“Tommy,” can you hear me? You’ve worn out your welcome. What was groundbreaking as a “rock opera” in 1969 and mildly interesting as a world-premiere stage musical at La Jolla Playhouse in 1992 (never mind the trashy Ken Russell-directed film in 1975) is now as creaky as an old pinball machine. Whatever daring that The Who’s mythical story of the deaf, dumb and blind boy flashed at the end of the ‘60s faded decades ago. And the narrative changes made when the album was initially transformed for the stage – changes that softened and mainstreamed “Tommy” –resulted in what became rather a bore. This is no direct reflection on Moonlight Stage Company’s well-intentioned, season-closing production of The Who’s Tommy, which rings all the buzzers and bells. But try as the able cast directed by John Vaughan does, it can’t resurrect an excitement and energy that existed more than a generation ago.
There’s such a joyous, fresh-scrubbed look to this production that it feels like “The Cast of ‘Glee’ Does ‘Tommy.’” While the bullying of Cousin Kevin (Mark Bartlett) and predatory abuse of Uncle Ernie (Paul Morgavo) have the requisite repellance, this ensemble’s Acid Queen (Anise Ritchie) isn’t very menacing. Eddie Egan is all sincerity as Tommy, but he never seems much like a rebel or false God. Like all of Moonlight’s summer of 2013 musicals, The Who’s Tommy’s choreography is crackerjack. Musicians conducted by Dr. Terry O’Donnell are faithful to Pete Townshend’s score, which after 44 years is, regrettably, uninvolving. The music of The Who in general smacks of another time long past, today as canned as classic rock radio. Does it seem possible that Townshend, Roger Daltrey, John Entwistle and Keith Moon were once considered proto-punks by a discerning intelligentsia?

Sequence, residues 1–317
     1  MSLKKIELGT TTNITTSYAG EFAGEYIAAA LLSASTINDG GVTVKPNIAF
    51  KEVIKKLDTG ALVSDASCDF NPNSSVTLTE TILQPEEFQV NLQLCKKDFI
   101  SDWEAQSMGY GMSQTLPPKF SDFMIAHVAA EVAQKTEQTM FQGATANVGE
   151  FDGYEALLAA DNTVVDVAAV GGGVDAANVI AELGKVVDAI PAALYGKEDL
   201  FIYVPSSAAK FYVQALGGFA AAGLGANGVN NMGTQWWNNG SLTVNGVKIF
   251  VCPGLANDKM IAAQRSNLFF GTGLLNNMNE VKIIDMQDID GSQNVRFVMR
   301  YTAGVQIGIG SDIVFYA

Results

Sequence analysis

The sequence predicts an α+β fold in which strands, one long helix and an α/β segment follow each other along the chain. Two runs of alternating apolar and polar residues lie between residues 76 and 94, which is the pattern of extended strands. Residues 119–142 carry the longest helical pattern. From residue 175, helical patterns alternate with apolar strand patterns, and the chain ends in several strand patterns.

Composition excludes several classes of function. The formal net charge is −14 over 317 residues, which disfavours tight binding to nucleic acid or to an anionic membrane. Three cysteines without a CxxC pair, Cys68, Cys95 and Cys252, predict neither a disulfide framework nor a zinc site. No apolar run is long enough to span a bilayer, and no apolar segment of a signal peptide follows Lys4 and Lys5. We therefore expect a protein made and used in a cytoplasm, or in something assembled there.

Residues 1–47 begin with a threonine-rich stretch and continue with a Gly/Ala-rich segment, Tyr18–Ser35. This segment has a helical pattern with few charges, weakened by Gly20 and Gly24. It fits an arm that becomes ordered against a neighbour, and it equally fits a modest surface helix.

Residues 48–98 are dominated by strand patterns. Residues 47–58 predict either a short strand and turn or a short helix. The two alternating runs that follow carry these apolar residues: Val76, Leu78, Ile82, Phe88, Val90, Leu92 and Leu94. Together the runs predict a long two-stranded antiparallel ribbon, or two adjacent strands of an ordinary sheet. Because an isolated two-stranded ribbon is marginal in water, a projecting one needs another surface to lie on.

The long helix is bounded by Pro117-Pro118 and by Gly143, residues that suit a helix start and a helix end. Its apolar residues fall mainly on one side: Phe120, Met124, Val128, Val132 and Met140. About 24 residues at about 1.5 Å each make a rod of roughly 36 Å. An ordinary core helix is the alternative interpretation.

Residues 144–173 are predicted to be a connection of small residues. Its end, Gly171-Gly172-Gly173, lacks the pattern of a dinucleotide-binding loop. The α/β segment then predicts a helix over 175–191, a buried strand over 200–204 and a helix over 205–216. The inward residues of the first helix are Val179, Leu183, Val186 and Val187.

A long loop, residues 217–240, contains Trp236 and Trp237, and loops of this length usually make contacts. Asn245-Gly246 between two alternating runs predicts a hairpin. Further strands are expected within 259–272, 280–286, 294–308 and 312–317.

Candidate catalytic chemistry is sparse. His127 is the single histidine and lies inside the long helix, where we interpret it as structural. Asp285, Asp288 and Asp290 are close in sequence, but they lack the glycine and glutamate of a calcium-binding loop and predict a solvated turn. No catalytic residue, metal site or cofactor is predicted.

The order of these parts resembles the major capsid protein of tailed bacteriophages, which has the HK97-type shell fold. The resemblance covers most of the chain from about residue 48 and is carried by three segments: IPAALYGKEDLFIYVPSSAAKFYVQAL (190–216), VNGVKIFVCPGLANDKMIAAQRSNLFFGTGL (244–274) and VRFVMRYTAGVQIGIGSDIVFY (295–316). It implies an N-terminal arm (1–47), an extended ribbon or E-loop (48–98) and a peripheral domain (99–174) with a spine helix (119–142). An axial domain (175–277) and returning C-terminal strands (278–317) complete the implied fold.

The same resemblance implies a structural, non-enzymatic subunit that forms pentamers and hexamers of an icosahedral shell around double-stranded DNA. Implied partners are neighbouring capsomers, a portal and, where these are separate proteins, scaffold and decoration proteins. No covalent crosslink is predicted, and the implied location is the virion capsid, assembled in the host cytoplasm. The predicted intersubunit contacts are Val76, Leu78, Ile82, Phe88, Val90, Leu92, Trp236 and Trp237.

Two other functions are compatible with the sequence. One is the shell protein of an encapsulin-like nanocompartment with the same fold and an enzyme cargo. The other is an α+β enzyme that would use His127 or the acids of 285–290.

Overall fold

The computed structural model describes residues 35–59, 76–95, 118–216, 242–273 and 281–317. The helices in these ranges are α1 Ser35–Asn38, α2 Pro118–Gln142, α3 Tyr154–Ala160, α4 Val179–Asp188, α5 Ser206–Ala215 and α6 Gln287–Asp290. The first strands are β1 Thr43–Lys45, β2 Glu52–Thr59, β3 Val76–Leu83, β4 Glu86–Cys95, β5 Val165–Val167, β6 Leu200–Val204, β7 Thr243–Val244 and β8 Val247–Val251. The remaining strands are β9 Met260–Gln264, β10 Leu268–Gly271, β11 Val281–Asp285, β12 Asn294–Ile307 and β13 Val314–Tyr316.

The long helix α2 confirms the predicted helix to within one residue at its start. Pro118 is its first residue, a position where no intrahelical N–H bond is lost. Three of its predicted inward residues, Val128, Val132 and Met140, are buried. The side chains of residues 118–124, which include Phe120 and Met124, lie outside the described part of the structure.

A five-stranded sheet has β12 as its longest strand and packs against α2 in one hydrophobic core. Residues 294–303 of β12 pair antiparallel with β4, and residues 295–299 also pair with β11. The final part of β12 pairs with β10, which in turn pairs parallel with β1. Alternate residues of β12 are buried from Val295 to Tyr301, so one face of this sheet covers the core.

It’s a shame that The Who’s Tommy is the closer of what has been an otherwise delightful summer at Moonlight, highlighted by a rollicking production of Young Frankenstein. Better to remember this summer under the stars by a “mad” scientist and a monster singing “Puttin’ on the Ritz” than by a rock-culture relic that, let’s face it, should have been left alone as one of the great albums of all time.
David L. Coddon is a Southern California theater critic.